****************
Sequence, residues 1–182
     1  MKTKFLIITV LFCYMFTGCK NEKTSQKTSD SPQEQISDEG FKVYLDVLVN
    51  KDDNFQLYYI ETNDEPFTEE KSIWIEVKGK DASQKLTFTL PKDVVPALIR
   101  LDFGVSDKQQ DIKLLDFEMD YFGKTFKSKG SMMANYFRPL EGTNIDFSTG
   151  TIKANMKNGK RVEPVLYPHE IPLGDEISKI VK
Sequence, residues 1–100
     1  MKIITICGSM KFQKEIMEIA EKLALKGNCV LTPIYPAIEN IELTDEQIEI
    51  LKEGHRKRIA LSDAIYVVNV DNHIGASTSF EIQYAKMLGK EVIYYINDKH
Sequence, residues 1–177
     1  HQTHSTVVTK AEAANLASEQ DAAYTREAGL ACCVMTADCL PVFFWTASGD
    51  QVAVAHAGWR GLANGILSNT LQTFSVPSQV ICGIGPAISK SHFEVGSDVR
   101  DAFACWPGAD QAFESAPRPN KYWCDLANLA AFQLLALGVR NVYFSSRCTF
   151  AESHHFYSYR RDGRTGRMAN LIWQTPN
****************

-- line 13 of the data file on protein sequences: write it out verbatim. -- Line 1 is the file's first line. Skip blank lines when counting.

   151  AESHHFYSYR RDGRTGRMAN LIWQTPN